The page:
Fry for a couple of minutes.

 

Serve over the top of the cooked rice.

You can also add on top some grated cheese, a fried egg or both.

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I would say anything involving offal..  mainly because it has fallen out of fashion (or people are just more squeamish now).

My example would be a childhood favourite,  devilled kidneys with mashed potatoes.

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Mashed mackerel on pitta breads, in the oven for 10-15 mins. One tin of mackerel per pitta.

You can add all sorts to the mashed mackerel - chillies, ginger, turmeric & pepper.

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I don't know if you consider Hungarian goulash obscure or just old school but I like it and it's easy in the slow cooker.

Diced beef

Garlic

Tin of tomatoes

Tomato puree

Smoked paprika

Onion

Red pepper

Beef/chicken stock (not necessary but does improve it)

Season the meat and seal it in a pan, then whack everything in the slow cooker for 8 hours.

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9 hours ago, Roger_Mellie said:

Kedgeree's delicious. 

Personally I love pretty much anything Indian. 

Obscure dishes though... Is there anything really obscure these days? I've had some weird stuff in Korea, but that doesn't really count. 

Who knows what was in my microwave ready meals I purchsed from the corner shop in Korea? All I understood was 7:30 minutes at 800 Watts.

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3 hours ago, Libspero said:

I would say anything involving offal..  mainly because it has fallen out of fashion (or people are just more squeamish now).

My example would be a childhood favourite,  devilled kidneys with mashed potatoes.

I quite like a lamb's liver risotto.

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Roger_Mellie
1 minute ago, MrPin said:

Who knows what was in my microwave ready meals I purchsed from the corner shop in Korea? All I understood was 7:30 minutes at 800 Watts.

I had the 'live' octopus, not really live, they just squeeze lemon juice on it to make the muscles contract so it looks like it's squirming on your plate. Remarkably hard to put in your mouth.

The fish that stinks of piss (actually is piss because it pisses through its skin) isn't as bad as it sounds, but I wouldn't do it again. Only place I've ever been where I couldn't get on with the food. 

Frogs legs and snails... Pretty niche. Frogs legs taste of chicken and the snails just tasted of garlic. Pretty tasty but I wouldn't do it all the time. 

Part boiled eggs (Aka snotty eggs) , a favourite for breakfast in Japan. Tapped the top, took it off and thought well... In for a penny in for a pound.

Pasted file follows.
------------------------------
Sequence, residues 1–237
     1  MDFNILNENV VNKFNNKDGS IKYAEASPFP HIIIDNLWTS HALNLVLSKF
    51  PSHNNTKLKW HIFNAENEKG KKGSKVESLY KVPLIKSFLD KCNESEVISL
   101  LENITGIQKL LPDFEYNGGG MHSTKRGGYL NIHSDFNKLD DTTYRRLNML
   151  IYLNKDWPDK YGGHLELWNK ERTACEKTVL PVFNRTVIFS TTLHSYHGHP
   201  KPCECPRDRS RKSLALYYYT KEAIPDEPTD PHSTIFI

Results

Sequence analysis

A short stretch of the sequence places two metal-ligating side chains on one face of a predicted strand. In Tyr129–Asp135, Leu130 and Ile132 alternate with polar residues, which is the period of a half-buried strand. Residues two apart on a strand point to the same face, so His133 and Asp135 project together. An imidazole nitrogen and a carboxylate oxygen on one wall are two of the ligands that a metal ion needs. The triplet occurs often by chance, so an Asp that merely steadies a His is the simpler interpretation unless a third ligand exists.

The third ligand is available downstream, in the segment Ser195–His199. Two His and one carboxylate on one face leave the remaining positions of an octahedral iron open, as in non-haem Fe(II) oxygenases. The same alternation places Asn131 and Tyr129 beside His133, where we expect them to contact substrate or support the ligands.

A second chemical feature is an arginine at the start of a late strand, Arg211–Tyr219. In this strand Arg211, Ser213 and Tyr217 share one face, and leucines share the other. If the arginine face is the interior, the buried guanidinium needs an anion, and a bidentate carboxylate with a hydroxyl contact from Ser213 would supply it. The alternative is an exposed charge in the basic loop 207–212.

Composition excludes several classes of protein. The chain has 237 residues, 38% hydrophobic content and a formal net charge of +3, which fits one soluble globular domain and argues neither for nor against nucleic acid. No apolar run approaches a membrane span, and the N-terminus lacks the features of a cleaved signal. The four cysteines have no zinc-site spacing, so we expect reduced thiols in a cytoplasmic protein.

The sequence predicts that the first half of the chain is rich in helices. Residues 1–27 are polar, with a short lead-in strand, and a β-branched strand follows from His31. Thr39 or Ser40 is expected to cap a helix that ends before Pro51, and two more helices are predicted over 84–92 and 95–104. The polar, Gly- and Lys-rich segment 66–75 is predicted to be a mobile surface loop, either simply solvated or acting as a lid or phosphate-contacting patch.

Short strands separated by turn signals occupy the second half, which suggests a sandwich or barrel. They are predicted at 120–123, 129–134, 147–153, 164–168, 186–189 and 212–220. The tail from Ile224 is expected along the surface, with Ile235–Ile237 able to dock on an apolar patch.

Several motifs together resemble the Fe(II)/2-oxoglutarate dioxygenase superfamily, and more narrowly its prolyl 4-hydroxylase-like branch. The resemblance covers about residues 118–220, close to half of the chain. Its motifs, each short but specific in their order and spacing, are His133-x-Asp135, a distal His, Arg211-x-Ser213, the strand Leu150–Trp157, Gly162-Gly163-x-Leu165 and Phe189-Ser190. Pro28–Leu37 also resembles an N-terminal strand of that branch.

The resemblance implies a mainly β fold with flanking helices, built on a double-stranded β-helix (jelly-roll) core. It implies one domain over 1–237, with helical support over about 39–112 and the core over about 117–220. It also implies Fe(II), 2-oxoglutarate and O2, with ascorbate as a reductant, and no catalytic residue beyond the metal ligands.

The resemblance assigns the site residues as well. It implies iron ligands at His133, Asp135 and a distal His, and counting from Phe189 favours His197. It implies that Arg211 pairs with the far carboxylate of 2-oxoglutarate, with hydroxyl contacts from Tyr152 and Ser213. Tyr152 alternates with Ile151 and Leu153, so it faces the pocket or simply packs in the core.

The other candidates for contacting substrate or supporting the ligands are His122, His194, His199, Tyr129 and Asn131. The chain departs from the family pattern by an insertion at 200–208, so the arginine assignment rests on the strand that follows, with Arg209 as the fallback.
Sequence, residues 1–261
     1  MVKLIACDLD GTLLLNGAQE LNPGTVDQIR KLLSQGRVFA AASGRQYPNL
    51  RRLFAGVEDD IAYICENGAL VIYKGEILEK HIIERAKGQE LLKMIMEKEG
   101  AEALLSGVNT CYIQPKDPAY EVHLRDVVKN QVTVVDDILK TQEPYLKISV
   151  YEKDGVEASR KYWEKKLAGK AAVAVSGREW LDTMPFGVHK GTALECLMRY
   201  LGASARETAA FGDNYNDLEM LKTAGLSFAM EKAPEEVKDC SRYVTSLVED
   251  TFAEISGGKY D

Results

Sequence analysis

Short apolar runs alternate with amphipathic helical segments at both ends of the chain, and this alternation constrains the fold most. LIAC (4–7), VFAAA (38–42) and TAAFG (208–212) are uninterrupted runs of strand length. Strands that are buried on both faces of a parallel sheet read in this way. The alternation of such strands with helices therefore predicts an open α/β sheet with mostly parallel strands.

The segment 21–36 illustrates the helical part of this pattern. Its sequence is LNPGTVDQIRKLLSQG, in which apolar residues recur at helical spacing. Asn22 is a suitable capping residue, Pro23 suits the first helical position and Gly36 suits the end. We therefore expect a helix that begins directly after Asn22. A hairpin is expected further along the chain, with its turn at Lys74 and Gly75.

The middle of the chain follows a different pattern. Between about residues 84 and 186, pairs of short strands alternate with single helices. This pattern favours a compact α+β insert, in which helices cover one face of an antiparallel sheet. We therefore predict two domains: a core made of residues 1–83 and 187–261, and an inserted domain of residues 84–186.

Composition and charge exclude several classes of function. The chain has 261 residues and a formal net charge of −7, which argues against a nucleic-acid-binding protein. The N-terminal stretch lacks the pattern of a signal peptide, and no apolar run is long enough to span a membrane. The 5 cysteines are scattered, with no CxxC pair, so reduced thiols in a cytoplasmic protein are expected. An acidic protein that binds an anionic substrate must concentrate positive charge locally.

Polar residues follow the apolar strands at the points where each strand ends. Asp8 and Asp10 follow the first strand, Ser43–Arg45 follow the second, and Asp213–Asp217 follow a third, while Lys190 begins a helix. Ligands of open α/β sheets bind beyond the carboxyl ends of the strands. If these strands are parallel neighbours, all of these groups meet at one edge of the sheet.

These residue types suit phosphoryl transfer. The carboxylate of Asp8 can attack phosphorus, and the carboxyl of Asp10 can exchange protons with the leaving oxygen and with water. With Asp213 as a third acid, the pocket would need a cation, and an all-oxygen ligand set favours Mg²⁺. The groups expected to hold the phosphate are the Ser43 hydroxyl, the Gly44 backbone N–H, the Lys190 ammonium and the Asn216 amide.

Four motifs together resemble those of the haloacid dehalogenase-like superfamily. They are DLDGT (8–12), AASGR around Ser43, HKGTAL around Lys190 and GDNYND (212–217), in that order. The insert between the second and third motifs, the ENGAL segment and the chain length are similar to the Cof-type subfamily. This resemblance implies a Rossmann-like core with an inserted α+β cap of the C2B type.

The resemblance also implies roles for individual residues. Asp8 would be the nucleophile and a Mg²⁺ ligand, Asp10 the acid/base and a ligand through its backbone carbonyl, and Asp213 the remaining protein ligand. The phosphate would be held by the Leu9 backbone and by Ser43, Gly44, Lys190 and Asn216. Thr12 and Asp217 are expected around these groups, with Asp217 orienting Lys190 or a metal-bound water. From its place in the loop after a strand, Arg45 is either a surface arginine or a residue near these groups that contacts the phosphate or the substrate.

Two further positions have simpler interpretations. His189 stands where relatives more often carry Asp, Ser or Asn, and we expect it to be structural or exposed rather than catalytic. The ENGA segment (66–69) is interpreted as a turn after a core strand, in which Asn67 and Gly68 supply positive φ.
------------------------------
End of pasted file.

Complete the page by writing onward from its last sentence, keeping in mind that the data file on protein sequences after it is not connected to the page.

Closer to home I'm with @Libspero anything with offal is pretty niche. Not many people eating liver and onion these days, or having proper steak and kidney, or my grandads favourite - tripe. 

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2 minutes ago, Roger_Mellie said:

I had the 'live' octopus, not really live, they just squeeze lemon juice on it to make the muscles contract so it looks like it's squirming on your plate. Remarkably hard to put in your mouth.

The fish that stinks of piss (actually is piss because it pisses through its skin) isn't as bad as it sounds, but I wouldn't do it again. Only place I've ever been where I couldn't get on with the food. 

Frogs legs and snails... Pretty niche. Frogs legs taste of chicken and the snails just tasted of garlic. Pretty tasty but I wouldn't do it all the time. 

Part boiled eggs (Aka snotty eggs) , a favourite for breakfast in Japan. Tapped the top, took it off and thought well... In for a penny in for a pound. 

Closer to home I'm with @Libspero anything with offal is pretty niche. Not many people eating liver and onion these days, or having proper steak and kidney, or my grandads favourite - tripe. 

I'm not sure what I think of tripe. Never tried it.

Those Northerners eat some weird crap.

Must admit, I like a haggis occasionally. I put ketchup on it, which is probably wrong.

Octopus is Cthulu's sphincter as far as I am concerned.

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Well I am still waiting for someone to tell me what owl stew tastes like. There must be at least one person here whose eaten owl.

 

 

 

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Roger_Mellie
34 minutes ago, MrPin said:

I'm not sure what I think of tripe. Never tried it.

Those Northerners eat some weird crap.

Must admit, I like a haggis occasionally. I put ketchup on it, which is probably wrong.

Octopus is Cthulu's sphincter as far as I am concerned.